The Coral Island in Lord Of the Flies

Question: Write a short note on The Coral Island in Lord Of the Flies.


William Golding (1911-1994) writes his book “Lord of the Flies” as a counterpoint to R.M Ballantyne’s (1825-1894), a Scottish author of juvenile fiction, youth novel The Coral Island (1858). This novel represents Golding’s vision of the reality of boys left to their own devices and is a world away from the events of The Coral Island.

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The similarity between the two novels

There are many similarities between The Coral Island and Lord of the Flies. These two novels have similarities between characters, settings, and objects. For example, the main characters of these two novels are Jack and Ralph. The setting of both is an island where the boys are stranded and forced to fend for themselves. Further, fire plays an important role in both novels. The boys are passing a good time on the island and they all can enjoy their time on the island waiting for rescue. Ralph says

It’s like in a book

At once there was a clamor

Treasure Island

Swallows and Amazons

Coral Island”

Difference between the two novels

There are some differences between the two novels. For example, Jack and Ralph successfully work together to build shelters and canoes in the novel The Coral Island. But Jack and Ralph in Lord of the Flies do not co-operate with each other. In Lord of the Flies, fire is used by Jack symbol of destruction. The fire is used in Coral Island to restore peace.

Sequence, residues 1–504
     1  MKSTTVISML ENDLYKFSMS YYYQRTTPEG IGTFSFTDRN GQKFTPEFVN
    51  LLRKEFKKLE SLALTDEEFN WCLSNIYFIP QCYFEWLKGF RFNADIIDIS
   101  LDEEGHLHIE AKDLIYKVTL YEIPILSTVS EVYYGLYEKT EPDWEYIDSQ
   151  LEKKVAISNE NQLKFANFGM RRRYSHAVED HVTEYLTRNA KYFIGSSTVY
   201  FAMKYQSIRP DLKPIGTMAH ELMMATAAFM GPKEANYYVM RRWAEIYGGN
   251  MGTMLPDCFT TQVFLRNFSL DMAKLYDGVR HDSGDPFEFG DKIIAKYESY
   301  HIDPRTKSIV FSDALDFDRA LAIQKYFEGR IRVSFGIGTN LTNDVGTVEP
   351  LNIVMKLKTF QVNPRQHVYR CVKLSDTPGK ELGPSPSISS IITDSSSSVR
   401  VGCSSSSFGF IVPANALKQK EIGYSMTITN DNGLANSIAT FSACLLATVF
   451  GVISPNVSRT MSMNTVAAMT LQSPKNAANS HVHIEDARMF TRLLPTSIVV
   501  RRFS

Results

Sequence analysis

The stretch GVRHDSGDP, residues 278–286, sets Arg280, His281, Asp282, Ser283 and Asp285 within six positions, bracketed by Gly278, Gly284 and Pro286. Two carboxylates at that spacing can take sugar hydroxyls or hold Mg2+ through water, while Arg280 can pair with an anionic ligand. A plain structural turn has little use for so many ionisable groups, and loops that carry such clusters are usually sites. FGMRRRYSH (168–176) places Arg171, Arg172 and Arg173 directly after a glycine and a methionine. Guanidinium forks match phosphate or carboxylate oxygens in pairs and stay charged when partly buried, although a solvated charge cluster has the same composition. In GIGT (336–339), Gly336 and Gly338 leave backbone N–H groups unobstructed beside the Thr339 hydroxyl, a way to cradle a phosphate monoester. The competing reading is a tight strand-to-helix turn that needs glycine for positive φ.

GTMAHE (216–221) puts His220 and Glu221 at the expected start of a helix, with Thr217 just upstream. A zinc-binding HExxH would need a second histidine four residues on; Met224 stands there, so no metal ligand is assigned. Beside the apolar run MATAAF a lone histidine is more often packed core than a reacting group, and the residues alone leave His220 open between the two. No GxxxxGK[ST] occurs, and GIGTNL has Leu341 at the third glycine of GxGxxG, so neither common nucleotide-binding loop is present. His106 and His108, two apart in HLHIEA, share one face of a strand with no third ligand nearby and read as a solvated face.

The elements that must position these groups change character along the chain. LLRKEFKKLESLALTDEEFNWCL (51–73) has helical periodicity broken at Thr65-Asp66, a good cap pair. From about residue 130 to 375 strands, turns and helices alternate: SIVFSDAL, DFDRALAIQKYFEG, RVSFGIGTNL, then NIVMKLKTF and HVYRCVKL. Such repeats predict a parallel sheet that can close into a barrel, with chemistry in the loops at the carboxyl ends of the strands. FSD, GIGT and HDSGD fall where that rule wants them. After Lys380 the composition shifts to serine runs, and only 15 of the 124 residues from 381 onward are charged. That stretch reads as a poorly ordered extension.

A realistic point of view

Lord of the Flies and The Coral Island resemble each other in their starting points but Golding’s approach to the human situation is entirely different from that of Ballantyne. The Coral Island show juvenile behavior in idealistic terms which excite our admiration for the days. Golding’s story is more realistic and convincing but Ballantyne’s story is highly fanciful and unrealistic.

Good and Evil

These two stories show that power is great some want it for good and others want it for evil and authority. Through the novel, Golding wants to convey the idea that evil is a powerful instinct in human beings. It needs only a favorable environment to grow and flourish.

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Golding’s “Lord of the Flies” presents a much darker look at human nature. Using the structure of Coral Island and even borrowing its character names, he responds cynically to Ballantyne’s vision of humanity.

S Ridoy Kumar
S Ridoy Kumar
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